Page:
Wendy Rancier, MLS, Collection Development Librarian
Social Emotional Learning (SEL) is a hot topic in childhood development. Although its research dates back to 1994, it has become more relevant in recent years. Originally developed by the Collaborative for Academic, Social, and Emotional Learning (CASEL), research and implementation into school curriculums in conjunction with educators of all stripes has become a key part of their current and future work.
With a cursory Google search, we find a plethora of fascinating articles on SEL. I have experienced SEL in my own family life. When picking up my then four-year-old from his play-based preschool, I chatted with one of his teachers, who said he had been crying that day. She told me she questioned him about what had happened, and that he wasn’t hurt but had a “heart hurt.” She said that he had trouble expressing himself when a classmate did something he didn’t like, and they were working with him about verbalizing his feelings. I liked the phrase “heart hurt,” and I still use it when talking to my children.
While growing up, I (and many other close friends and relatives) don’t recall much encouragement to talk about feelings, to develop relationships, or to view things from another person’s perspective. After doing some reading on SEL and its importance in early child development, I have come to realize that the world would be a better place if it were universally embraced.
As Youth Services Librarians, we often get questions from frustrated parents: “I need a book about how it’s not nice to lie,” or “I need a book about potty-training,” or “He bites people—do you have anything to address that?” Children’s picture books have always been a powerful resource for parents to find assistance in teaching their children valuable lessons and life skills, so they are a perfect way to introduce Social Emotional Learning outside of school.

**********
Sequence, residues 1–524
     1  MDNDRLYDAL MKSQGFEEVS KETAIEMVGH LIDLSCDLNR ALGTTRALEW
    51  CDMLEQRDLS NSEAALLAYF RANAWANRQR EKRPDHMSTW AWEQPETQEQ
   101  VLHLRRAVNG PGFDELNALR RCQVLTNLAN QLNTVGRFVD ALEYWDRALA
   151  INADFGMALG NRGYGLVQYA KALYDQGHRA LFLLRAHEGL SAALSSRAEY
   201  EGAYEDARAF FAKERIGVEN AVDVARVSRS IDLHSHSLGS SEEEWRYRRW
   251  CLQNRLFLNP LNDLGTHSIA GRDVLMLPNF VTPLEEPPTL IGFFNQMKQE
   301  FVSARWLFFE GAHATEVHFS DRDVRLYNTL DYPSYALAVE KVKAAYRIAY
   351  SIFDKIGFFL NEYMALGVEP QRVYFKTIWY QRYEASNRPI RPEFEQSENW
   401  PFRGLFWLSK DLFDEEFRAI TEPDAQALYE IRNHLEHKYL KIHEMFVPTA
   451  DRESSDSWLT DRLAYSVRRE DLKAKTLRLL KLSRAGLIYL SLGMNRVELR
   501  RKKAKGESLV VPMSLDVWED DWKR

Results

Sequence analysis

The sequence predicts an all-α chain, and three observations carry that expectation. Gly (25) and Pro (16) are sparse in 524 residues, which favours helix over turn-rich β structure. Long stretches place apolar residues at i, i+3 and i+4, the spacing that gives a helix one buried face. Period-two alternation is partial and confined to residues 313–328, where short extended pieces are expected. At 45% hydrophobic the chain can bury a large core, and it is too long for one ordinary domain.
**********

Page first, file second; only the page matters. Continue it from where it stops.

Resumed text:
Some of the basic ideas of SEL focus on empathy, positive relationships, managing emotions, problem-solving, perseverance, and perspective-viewing: not exactly ground-breaking ideas in the world of picture books. In fact, we can all surely think of a couple of examples from our favorite titles that would fit neatly into these categories. The Lion & The Mouse by Jerry Pinkney is a great illustrated story about empathy. One of my favorites is When Sadness is at Your Door by Eva Eland. In this book, Sadness appears as a figure; someone who suddenly shows up, and you aren’t sure what to make of him. It is a powerful story of accepting this emotion without being afraid, but, rather, trying to understand it and see what it needs. How different would our world be if we could better manage our temper, if we had more patience, if we took a moment to see something from another person’s perspective?
SEL also nicely dovetails with the need for children’s books with a focus on diversity. Looking at a story from the perspective of a character of different ethnicity, gender identity, or ability can have a profound impact on how a child views the world.
Check out our list of titles about SEL that you can share with parents or use during story time. SEL isn’t a new idea in picture books, but some authors are exploring a child’s emotions more acutely than ever before.
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